This might have something to do with predation, a paper cocoon
in a dead girls mouth, a bloody arrow drawn on an oak leaf.

This essay over at The Rumpus pissed me off. Yeah.

Back to happy things! Patricia Caspers writes about lady-writers and finding the time to be/come a writer. This is the end of a series she wrote for the Ploughshares blog called Hearing Voices: Women Versing Life. Lots of goodies in there I must go back and read. I have a couple favorite parts:

"I grew up writing truly awful poems in my closet or under my covers late at night. I shared them, on occasion, with my family or close friends, and they’d say things like, “That’s cute,” or “That’s nice,” and I couldn’t pinpoint why those comments deflated me, but they did."

This paragraph really struck a chord with me. I had pretty much the exact same experience a bunch of times. Once a family member, after reading a rather lyrical essay I'd just written (at like, 11 years old), asked, "...but what is it for?" *sigh*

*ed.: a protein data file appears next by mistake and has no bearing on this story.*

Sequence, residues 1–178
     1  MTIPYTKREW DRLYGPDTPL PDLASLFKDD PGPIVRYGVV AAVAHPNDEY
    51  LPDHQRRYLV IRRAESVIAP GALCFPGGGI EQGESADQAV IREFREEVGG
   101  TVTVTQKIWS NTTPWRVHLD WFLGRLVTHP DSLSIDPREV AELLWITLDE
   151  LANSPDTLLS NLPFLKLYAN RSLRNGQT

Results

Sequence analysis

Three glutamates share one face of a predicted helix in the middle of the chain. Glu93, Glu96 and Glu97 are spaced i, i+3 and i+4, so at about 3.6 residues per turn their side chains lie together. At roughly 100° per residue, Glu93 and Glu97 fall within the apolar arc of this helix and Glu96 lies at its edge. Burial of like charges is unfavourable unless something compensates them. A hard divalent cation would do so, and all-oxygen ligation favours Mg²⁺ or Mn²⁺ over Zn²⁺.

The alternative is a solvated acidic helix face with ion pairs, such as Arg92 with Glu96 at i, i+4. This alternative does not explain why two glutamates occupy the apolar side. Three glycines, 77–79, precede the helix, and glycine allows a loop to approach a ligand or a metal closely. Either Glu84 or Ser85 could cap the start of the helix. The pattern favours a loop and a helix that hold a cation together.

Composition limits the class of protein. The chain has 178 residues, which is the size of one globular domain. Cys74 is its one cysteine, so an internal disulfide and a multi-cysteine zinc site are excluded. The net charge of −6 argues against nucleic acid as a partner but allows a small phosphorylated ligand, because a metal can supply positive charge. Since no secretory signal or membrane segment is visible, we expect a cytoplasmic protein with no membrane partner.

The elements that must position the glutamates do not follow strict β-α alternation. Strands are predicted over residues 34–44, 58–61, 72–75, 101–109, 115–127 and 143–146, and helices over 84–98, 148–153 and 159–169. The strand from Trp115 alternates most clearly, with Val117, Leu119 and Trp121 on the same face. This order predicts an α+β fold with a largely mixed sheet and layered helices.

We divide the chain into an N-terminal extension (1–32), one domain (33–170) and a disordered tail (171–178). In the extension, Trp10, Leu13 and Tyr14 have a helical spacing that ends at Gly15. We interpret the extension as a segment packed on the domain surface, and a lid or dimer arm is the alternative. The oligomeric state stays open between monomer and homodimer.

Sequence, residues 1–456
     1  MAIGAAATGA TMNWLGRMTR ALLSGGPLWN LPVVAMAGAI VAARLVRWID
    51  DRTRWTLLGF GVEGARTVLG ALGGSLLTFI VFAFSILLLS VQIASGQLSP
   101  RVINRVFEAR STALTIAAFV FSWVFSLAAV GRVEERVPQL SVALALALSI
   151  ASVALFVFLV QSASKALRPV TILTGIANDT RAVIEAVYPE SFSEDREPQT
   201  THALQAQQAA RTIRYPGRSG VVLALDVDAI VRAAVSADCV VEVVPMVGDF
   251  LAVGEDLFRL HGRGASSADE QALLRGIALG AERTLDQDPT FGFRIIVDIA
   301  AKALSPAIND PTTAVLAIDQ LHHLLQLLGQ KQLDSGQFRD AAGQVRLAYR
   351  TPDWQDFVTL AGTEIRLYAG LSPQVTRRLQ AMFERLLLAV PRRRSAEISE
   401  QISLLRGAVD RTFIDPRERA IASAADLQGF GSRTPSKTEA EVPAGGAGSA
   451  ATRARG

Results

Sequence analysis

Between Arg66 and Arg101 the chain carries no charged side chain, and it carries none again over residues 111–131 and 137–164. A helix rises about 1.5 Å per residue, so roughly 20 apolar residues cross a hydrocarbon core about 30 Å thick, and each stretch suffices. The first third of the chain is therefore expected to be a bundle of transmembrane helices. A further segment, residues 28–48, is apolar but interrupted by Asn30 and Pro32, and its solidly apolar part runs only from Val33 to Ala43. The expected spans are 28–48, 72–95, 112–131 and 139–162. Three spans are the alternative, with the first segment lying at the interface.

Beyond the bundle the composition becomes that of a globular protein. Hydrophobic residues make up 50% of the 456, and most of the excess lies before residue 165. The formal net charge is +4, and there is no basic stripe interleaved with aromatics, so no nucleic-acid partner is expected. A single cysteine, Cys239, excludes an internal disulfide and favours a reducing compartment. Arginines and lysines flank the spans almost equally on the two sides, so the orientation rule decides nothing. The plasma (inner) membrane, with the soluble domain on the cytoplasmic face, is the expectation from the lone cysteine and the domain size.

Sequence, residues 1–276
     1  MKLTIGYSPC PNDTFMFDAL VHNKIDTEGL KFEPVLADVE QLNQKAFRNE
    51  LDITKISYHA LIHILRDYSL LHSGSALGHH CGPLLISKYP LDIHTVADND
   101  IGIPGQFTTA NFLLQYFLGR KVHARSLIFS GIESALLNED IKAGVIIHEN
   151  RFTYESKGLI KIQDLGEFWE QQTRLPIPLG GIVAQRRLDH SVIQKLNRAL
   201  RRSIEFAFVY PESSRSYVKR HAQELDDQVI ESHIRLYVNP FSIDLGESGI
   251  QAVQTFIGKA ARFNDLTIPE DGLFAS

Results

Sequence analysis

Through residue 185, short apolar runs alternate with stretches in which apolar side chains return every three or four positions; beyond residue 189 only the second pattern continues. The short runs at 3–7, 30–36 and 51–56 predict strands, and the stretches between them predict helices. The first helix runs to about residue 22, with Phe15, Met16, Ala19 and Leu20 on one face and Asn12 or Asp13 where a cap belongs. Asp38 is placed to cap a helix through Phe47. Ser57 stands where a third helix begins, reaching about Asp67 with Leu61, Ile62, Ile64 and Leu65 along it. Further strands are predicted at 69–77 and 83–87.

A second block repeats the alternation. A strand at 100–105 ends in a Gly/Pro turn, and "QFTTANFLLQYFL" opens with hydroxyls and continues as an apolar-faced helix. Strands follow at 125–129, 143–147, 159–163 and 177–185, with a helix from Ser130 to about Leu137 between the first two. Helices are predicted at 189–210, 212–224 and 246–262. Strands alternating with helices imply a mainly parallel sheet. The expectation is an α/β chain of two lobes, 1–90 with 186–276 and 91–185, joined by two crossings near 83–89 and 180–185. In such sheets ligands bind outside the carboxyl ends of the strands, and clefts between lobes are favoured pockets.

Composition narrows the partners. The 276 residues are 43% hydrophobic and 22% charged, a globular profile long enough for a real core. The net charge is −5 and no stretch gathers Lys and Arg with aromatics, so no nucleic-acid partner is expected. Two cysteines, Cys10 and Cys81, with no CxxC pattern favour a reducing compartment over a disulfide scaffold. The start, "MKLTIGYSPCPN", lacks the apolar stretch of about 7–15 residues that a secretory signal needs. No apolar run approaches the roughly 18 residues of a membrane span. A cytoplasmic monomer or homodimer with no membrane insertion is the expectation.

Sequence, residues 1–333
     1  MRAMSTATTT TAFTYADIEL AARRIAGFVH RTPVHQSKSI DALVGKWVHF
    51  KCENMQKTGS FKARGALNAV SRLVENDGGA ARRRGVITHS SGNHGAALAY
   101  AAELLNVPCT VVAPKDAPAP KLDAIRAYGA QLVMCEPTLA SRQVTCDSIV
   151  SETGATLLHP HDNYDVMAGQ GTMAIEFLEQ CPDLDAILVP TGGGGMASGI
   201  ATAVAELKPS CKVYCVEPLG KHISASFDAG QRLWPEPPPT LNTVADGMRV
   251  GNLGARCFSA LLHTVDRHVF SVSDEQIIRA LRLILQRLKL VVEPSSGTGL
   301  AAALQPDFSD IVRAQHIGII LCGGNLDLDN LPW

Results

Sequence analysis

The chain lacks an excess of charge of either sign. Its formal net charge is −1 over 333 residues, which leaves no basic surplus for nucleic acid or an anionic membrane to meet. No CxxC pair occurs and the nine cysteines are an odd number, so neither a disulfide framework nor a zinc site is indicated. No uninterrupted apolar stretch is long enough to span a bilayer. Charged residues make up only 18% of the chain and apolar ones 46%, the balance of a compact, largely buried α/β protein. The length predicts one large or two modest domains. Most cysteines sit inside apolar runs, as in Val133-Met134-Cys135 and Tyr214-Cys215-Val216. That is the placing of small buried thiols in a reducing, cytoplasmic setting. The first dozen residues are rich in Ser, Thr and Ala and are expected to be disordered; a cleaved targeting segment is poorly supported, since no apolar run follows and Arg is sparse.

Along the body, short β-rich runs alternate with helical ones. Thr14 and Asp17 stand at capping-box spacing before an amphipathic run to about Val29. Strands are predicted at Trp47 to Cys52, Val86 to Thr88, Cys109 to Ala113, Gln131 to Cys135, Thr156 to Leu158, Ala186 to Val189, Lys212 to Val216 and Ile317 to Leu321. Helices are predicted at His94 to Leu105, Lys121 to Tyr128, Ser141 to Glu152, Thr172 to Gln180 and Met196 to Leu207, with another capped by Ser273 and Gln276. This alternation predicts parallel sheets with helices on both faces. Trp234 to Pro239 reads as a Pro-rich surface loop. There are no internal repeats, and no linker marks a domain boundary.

Also particularly striking was this bit:

"I realized that every single one of us is ever-in-search of a balance between inspiration, creation, and the mundanity of daily life. Like these women, I write while I empty the dishwasher, fold whites, drive to soccer practice. I write into the slender hours of the morning while the house is quiet."

I'd add motivation to my list of things-searched-for right now, but perhaps that's related to inspiration. I'm trying to embrace the fact that I have limited energy and focus. But a girl's still gotta eat. So lots of my attention goes to work, then promises I've made to other people, then making sure I've eaten, then maybe writing. I need to move these around.